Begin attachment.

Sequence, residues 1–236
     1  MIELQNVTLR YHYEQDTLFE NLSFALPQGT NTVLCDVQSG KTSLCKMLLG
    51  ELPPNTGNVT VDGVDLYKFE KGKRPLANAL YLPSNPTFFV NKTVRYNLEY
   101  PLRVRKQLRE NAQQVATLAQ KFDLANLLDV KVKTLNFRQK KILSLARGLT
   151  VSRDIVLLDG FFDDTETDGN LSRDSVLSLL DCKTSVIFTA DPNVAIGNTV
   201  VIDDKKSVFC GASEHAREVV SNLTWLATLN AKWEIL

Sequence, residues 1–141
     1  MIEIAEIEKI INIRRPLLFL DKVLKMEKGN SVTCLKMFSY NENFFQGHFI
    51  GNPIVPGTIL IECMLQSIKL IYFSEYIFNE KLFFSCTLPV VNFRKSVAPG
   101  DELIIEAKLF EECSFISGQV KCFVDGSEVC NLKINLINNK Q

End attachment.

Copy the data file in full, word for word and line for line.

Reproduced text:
Sequence, residues 1–236
     1  MIELQNVTLR YHYEQDTLFE NLSFALPQGT NTVLCDVQSG KTSLCKMLLG
    51  ELPPNTGNVT VDGVDLYKFE KGKRPLANAL YLPSNPTFFV NKTVRYNLEY
   101  PLRVRKQLRE NAQQVATLAQ KFDLANLLDV KVKTLNFRQK KILSLARGLT
   151  VSRDIVLLDG FFDDTETDGN LSRDSVLSLL DCKTSVIFTA DPNVAIGNTV
   201  VIDDKKSVFC GASEHAREVV SNLTWLATLN AKWEIL

Sequence, residues 1–141
     1  MIEIAEIEKI INIRRPLLFL DKVLKMEKGN SVTCLKMFSY NENFFQGHFI
    51  GNPIVPGTIL IECMLQSIKL IYFSEYIFNE KLFFSCTLPV VNFRKSVAPG
   101  DELIIEAKLF EECSFISGQV KCFVDGSEVC NLKINLINNK Q